The museum’s two Christina Ramberg paintings on exhibit in an exhibition at KW Institute for Contemporary Art in Berlin Germany. Curated by Anna Gritz, the exhibition puts Ramberg’s work in conversation with contemporary artists around the ideas of constraint and identity.
The Making of Husbands: Christina Ramberg in Dialogue
14 September 19 – 5 January 20
Alexandra Bircken, Rachal Bradley, Sara Deraedt, Gaylen Gerber, Frieda Toranzo Jaeger, Konrad Klapheck, Ghislaine Leung, Hans-Christian Lotz, Senga Nengudi, Ana Pellicer, Christina Ramberg, Richard Rezac, Diane Simpson, Terre Thaemlitz, Kathleen White Continue Reading
The Illinois Legacy Collection has lent four pieces to the Lubeznik Center for the Arts fantastic exhibition The Chicago Imagist Before and After. On view are three Joseph Yoakum works on paper and a Seymour Rosofsky print. Congratulations to LCA’s curator Lora Fosberg for organizing such an excellent exhibition. Many other regional institutions have lent great works as well (Brauer Museum of Art, South Bend Art Museum, Midwest Museum of American Art), proving the strength of our Midwest museum community.
The Chicago Imagists: Before & After
June 17 – October 19
Hyndman Gallery, Brinka/Cross Gallery, Susan Block Gallery
Explore the 1960s/70s Chicago Imagists movement that celebrated the lowbrow, colorful nature of everyday urban life with individuality and irreverence. This exhibition features the Chicago Imagists, artists who inspired them and those they influenced; included are Roger Brown, Tony Fitzpatrick, Lee Godie, Jeff Koons, Paul Nudd, Ed Paschke, Suellen Rocca, Karl Wirsum, Joseph Yoakum, Ray Yoshida and more.
Seymour Rosofsky, The Couple, 1973, Lithograph on paper, 1976.41/572. Joseph Yoakum, Mt. Velebit in Dina Alps Near Otocac, date unknown, ball point pen, colored pencil, watercolor on paper, 2001.89, Gift of Phyllis Arist, Joseph Yoakum, Mt. Cenis Pass, Torino, Italy, c. 1965, ball point pen and colored pencil on paper, 1982.5. Joseph Yoakum, Colonial Mtn, Cannal zone, 1964, Ball point pen and pencil on paper, 2012.101.6, Gift of the Raymond K Yoshida Living Trust and the Kohler Foundation, Inc.
The Illinois State Museum’s Auguste Rodin sculpture is on loan to Maison Noilly Prat for an exhibition ‘A Rodin to Say Thank you’. The Noilly Prat distillery purchased the sculpture from the Rodin Museum as their gift to the Merci Train. It is now returned home for a brief visit to soak up some Mediterranean rays!
This sculpture was a gift to the people of the State of Illinois from the Merci Train, or French Gratitude Train, of 1949. The purpose of this gift was to acknowledge the more than $40 million in food and aid collected in 1947 by private citizens in the United States and sent to France and Italy after World War II. Many of the gifts were handmade, while others, like this sculpture from the celebrated artist Auguste Rodin, were reflective of the French cultural heritage.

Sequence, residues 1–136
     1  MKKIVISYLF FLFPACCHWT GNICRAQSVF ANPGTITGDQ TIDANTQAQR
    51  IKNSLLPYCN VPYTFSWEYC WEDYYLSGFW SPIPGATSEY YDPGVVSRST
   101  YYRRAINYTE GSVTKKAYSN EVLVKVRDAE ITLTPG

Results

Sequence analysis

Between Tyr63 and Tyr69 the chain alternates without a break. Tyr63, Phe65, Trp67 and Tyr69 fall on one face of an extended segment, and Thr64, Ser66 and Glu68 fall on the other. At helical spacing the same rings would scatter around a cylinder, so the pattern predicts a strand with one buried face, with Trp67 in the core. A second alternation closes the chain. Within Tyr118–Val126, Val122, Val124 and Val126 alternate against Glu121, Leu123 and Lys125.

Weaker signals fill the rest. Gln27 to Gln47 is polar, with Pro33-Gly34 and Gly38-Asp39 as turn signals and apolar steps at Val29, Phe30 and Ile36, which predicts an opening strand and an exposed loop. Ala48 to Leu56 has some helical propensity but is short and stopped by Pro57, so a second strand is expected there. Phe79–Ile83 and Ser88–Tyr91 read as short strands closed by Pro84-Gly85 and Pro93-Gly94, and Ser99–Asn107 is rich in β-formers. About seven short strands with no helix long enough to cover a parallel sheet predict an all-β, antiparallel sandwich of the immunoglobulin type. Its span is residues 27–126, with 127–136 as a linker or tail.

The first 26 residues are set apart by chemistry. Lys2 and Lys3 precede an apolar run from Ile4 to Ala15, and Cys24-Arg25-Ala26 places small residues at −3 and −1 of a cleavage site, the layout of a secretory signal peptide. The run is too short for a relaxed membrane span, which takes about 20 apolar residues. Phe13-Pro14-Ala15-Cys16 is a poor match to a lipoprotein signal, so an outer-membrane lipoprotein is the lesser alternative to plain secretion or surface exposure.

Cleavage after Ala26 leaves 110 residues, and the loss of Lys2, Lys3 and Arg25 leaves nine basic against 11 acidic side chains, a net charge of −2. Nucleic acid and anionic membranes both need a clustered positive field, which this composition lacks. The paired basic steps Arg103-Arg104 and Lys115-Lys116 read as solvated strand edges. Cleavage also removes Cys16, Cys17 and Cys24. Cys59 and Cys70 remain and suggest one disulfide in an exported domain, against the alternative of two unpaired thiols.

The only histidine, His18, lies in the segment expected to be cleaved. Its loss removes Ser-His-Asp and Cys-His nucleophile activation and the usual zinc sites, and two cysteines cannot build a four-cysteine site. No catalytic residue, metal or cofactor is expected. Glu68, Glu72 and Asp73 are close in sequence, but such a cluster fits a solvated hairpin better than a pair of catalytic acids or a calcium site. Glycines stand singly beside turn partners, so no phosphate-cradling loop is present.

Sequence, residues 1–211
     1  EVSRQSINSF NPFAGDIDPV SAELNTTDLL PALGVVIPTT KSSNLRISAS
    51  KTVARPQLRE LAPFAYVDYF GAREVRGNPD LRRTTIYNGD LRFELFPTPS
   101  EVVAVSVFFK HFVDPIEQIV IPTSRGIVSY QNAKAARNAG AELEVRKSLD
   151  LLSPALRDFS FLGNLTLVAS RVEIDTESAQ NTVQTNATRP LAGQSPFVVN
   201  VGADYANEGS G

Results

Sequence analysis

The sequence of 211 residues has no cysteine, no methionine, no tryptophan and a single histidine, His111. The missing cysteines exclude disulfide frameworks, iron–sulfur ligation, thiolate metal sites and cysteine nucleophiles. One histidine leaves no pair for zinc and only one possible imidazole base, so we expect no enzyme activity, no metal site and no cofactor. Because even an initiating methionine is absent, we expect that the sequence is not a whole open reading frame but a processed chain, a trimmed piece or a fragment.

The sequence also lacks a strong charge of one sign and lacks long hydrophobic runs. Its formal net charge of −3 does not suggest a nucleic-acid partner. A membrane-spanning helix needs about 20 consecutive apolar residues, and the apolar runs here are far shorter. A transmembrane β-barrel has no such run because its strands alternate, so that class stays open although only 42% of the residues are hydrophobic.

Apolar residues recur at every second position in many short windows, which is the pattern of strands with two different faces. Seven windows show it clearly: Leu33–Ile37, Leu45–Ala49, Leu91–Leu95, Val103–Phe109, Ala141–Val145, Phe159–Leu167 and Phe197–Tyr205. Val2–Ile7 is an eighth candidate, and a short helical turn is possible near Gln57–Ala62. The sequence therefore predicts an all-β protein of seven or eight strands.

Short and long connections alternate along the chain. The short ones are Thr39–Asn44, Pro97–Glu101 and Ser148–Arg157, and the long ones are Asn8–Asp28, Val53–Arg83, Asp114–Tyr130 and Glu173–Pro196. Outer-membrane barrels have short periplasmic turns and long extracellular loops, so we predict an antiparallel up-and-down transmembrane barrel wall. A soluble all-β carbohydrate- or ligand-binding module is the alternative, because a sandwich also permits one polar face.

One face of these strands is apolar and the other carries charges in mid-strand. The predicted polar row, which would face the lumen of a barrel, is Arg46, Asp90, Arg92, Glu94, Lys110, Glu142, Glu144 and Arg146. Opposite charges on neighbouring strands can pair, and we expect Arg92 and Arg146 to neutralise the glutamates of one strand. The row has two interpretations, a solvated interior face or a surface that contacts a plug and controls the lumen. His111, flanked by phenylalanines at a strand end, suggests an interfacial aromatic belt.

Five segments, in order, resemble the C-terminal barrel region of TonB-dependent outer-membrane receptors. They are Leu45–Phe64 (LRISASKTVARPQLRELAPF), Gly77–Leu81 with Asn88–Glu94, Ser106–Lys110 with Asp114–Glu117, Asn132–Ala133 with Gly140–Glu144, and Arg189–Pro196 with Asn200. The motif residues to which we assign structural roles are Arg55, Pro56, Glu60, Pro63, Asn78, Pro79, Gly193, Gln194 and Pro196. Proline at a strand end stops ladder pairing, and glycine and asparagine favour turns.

Jeanne d’Aire, Burgher of Calais, Auguste Rodin, (1840-1917, b. Paris, France, d. Meudon, France), Modeled 1884-1889, eduction model 1895, cast May 1945, Patinated bronze, Gift of the French Merci Train, from a prior purchase from the Rodin Museum in 1948 by Noilly-Prat et Cie., 1949.21
The Illinois State Museum is pleased that Suellen Rocca’s painting Blue Policeman / Eek, will be on view as part of the Hairy Who? 1966-1969 exhibition at The Art Institute of Chicago. Exhibition runs September 26, 2018–January 6, 2019. Read more here.
Hairy Who? 1966–1969 is organized by the Art Institute of Chicago.
Suellen Rocca (American, b. 1943), Blue Policeman / Eek, c.1966, oil on canvas, 16 x 12″, Illinois Legacy Collection, Gift of Chuck Thurow, 2016.21.069.
The Illinois State Museum is thrilled to announce the addition of two new staff members: Erika Holst and Tracy Pierceall. Erika and Tracy have already begun working on the upcoming Illinois Legacy Collection Bicentennial exhibition as well as other projects. If you see them at the Museum, please say hello.
Erika Holst, Curator of Decorative Arts
Erika Holst has previously worked at Dickson Mounds Museum and the Papers of Abraham Lincoln. She comes to the State Museum from the Springfield Art Association, where she was in charge of the restoration, interpretation, and programming at historic Edwards Place. Erika loves historic artifacts in general, but her favorite field of inquiry is pre-Civil War Illinois history and material culture.
Tracy Pierceall, Librarian
Before joining the Illinois State Museum staff, Tracy Pierceall worked for 16 years in the library at the Illinois Environmental Protection Agency, six of those as head librarian. In her free time, she’s an avid quilter but also tends to dabble in a number of creative endeavors. She’s married and is a mother to two wonderful sons and one fur baby.
Providing programs that complement and enhance classroom learning is one of the many important roles of the Museum. Last month, Dr. Michael Wiant presented a program on Native American life to more than 100 second-grade students in Chatham. The students had been studying how Native Americans survived in their environment. Dr. Wiant illustrated his presentation with animal skins, casts of tracks, artifacts, and a mastodon molar. The students sent Dr. Wiant thank you notes, which showed that in addition to enjoying the program, they were also paying close attention. We couldn’t resist sharing a few here.
Thank you for coming to our school. I just love learning about Native Americans! I really really liked it when you taught us so much about Native Americans! I really liked learning about those tracks. Thank you thank you thank you!
Thank you for doing my favorite thing: sharing! I like dinosaurs because they are cool. My favorite thing is the racoon hide because I like racoons. Thanks!
Thank you for coming and showing us the cool stuff. My favorite part is when we did the quiz.